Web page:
CBWN Roundtable Final Recommendations released

These recommendations are the outcome of the national roundtable discussion convened in November, 2018 by Living Lakes Canada, WWF-Canada and The Gordon Foundation. All three organizations engage with Community-Based Water Monitoring (CBWM) in different ways and are committed to advancing collaborative and evidence-based water stewardship across Canada.

The Roundtable was aimed at identifying actionable steps the federal government can take to show leadership and support in advancing community-based monitoring of freshwater ecosystems in Canada.

Elevating Community-Based Water Monitoring in Canada Resource Package:

Read the LLC blog about the Roundtable here.

March 2019 News Stream

“A thirst exists within Basin communities for greater influence over governance of local water resources.” 

Dr. Martin Carver, from the Executive Summary of Water Monitoring and Climate Change in the Upper Columbia Basin – Guidance Information for Planning Monitoring Programs

Web link: https://mailchi.mp/8bdd3ae03527/living-lakes-canada-news-stream-march-2019

Living Lakes Canada team heading to Spain

On May 7-9, 2019 in Valencia, Spain, the global Living Lakes Network will mark its 20th anniversary with the 15th International Living Lakes Conference. The conference, titled the World Congress for Wetland and Lake Restoration, will be based on the theme “Living Lakes – Business and NGO Partnerships for Climate Change Mitigation and Adaptation”.

Five of Living Lakes Canada’s team members will be attending the conference – highlights will include visiting local wetland restoration sites and connecting with Living Lakes International partners to share best community-based water stewardship practices. Stay tuned for photos and stories from the team’s experience.

VISIT THE EVENT WEBSITE HERE

The Living Lakes Network is a permanent initiative created by Global Nature Fund in 1998. The network – coordinated by GNF – is steadily growing. Currently there are 111 member lakes and wetlands represented by about 140 organizations from over 50 countries. Around one third of the network members are very active and engaged in activities and projects. One third is occasionally active from time to time and one third is rather passive. The network members are highly diverse, from small grass-root NGOs to larger and powerful institutions. In some organizations, water ecosystems are a clear central focus, in some others it is only part of a broader working portfolio. Living Lakes has a very practical orientation and the exchange of experience and the realization of concrete projects are in the focus of the members. The Living Lakes Conferences have always been very important tool to keep the contact between the partners and discuss create new activities. Important benefits from a partner’s perspective are joint projects and (political) support in local and global lake preservation.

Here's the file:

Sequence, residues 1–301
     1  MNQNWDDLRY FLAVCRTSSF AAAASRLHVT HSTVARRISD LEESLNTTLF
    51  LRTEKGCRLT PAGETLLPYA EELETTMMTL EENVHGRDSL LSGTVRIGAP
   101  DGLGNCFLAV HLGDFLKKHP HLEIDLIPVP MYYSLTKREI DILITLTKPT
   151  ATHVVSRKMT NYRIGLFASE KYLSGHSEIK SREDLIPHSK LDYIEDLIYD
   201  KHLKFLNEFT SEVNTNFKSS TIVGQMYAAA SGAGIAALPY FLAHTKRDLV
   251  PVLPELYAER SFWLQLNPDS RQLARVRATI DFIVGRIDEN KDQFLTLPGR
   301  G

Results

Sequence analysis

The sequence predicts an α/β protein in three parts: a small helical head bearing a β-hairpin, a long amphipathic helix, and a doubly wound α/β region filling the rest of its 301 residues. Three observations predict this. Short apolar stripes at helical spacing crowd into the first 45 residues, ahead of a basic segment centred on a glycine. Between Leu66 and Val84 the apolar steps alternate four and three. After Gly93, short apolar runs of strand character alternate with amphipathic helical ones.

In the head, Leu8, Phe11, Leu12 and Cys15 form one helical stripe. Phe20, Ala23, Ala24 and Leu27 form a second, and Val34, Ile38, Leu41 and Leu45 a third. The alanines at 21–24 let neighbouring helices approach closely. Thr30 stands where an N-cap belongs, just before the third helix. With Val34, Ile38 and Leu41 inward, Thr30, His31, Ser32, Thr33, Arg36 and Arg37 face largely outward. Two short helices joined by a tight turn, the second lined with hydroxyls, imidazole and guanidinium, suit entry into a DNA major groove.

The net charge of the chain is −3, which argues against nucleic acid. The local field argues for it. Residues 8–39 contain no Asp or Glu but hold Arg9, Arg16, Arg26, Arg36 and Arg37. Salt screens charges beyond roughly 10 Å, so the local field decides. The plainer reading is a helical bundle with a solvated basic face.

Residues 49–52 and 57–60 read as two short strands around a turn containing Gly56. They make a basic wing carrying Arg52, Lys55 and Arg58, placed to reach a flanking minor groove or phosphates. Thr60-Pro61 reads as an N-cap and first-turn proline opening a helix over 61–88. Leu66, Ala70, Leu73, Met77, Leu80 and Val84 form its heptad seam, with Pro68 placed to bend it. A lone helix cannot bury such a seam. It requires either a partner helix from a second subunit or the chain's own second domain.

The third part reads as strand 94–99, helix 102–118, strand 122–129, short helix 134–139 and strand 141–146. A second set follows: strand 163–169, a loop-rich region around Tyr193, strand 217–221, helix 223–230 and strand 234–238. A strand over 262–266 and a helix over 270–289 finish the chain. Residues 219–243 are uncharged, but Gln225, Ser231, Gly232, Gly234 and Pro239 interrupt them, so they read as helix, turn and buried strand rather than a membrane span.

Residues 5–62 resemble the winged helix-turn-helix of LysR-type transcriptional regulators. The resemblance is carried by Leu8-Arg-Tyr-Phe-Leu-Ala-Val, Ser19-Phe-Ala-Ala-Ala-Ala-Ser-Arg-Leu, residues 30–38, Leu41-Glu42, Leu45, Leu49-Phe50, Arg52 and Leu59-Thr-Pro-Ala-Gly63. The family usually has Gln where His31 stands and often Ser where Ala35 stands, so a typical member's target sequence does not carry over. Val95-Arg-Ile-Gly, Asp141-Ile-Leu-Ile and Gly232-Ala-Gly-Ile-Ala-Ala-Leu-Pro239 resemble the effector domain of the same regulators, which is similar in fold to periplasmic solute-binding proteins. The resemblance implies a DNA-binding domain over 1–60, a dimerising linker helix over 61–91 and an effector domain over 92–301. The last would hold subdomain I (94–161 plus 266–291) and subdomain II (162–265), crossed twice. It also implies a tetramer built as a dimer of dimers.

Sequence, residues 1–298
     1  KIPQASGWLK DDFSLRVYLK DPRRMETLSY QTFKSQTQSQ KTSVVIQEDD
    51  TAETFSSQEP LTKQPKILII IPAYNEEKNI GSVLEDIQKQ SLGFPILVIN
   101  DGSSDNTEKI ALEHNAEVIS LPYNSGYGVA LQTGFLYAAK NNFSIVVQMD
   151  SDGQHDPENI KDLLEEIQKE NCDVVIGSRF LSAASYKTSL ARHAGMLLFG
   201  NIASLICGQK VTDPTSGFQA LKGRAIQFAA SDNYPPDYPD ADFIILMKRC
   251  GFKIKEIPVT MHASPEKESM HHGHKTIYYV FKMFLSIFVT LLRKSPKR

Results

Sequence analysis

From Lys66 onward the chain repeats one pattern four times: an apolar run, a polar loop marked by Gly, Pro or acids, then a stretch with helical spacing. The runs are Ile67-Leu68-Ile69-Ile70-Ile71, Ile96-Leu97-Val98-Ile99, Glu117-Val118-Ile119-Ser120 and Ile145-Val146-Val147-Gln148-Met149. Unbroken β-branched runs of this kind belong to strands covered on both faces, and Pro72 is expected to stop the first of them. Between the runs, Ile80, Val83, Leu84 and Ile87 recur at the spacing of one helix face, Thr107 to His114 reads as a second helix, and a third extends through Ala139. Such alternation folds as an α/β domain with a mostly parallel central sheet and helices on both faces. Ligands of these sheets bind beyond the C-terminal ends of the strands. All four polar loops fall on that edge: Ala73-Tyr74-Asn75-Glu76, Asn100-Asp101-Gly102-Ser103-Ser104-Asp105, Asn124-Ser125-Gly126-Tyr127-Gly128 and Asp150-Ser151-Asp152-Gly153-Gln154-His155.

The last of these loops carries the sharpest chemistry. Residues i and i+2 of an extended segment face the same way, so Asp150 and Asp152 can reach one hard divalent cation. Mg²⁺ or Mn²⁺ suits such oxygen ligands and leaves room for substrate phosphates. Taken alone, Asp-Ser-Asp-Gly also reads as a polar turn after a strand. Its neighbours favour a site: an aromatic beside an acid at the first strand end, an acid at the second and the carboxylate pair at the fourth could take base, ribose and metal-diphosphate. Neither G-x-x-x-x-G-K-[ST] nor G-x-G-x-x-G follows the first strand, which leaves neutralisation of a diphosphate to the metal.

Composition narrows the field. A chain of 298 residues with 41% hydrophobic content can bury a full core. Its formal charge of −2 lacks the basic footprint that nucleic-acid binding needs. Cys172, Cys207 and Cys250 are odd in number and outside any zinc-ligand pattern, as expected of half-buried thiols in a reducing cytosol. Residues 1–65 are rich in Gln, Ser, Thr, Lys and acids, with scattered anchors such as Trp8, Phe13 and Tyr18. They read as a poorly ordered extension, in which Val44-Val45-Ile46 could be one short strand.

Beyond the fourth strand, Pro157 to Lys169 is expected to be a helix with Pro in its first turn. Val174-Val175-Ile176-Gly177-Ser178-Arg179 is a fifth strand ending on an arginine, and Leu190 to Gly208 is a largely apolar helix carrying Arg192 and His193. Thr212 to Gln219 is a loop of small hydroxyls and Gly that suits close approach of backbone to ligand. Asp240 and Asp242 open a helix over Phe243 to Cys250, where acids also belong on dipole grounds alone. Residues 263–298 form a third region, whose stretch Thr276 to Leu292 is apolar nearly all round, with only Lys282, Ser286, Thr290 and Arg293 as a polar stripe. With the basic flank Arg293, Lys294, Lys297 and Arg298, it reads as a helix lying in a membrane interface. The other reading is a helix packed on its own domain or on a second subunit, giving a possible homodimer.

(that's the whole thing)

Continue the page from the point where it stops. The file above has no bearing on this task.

The Living Lakes Network has tackled many challenges, grown together and developed a mutual trust over the years. The 20th anniversary of the network is a reason to celebrate the success story of Living Lakes, to pass in review and forging out plans for the future.

Executive Director interview in Water Canada Magazine

The recipient of two 2017 Water’s Next Awards – Water Steward of the Year and Non-Government Organization Winner – Living Lakes Canada Kat Hartwig was recently interviewed by Water Canada Magazine about her work as one of Canada’s top water stewards and this interview appears in the March/April 2019 issue of the magazine, which is available both online and in print.

To read an excerpt of Kat’s Water Steward feature, visit: https://www.watercanada.net/feature/water-steward/

To access the full interview as a PDF, go to:

https://livinglakescanada.ca/wp-content/uploads/2019/03/WC105_MarApr2019_28-30.pdf

INTRO: 

Kat Hartwig brings her passion for environmental protection to her role as the executive director of Living Lakes Canada, a not-for-profit organization dedicated to protecting, restoring, and rehabilitating water bodies and watersheds.

Under Hartwig’s leadership, the organization has been working on a number of projects and initiatives to help individuals understand the impacts of climate change.

 

Groundwater data now available on the B.C. Real-time Water Data Tool

Groundwater level data that are collected as part of the Living Lakes Canada Groundwater Monitoring Program are now available on the “Real-time Water Data” tool. Living Lakes Canada collects hourly groundwater data, which are stored in data loggers and downloaded approximately two to four times per year. The data are then uploaded to the Real-time Water Data tool where they can be accessed by the public.

The Real-time Water Data Tool is managed by the Provincial Government. They now have information and a streamlined process for data partners to share their continuous (time series) water related data. Their goal is to capture automated groundwater, water quality, hydrometric and snow data, and make it available as a shared resource through the Real-time Water Data tool and the Data Catalogue under Open Government Licence.

If you have data you would like to share check out the new Data Submission Webpage.

For questions or comments on the Real-time Water Data tool,  submit your queries to Aquarius@gov.bc.ca and for the LLC Groundwater Monitoring Program queries can be submitted to carol@livinglakescanada.ca.

Learn more about the Groundwater Monitoring Program here.

 

With the support of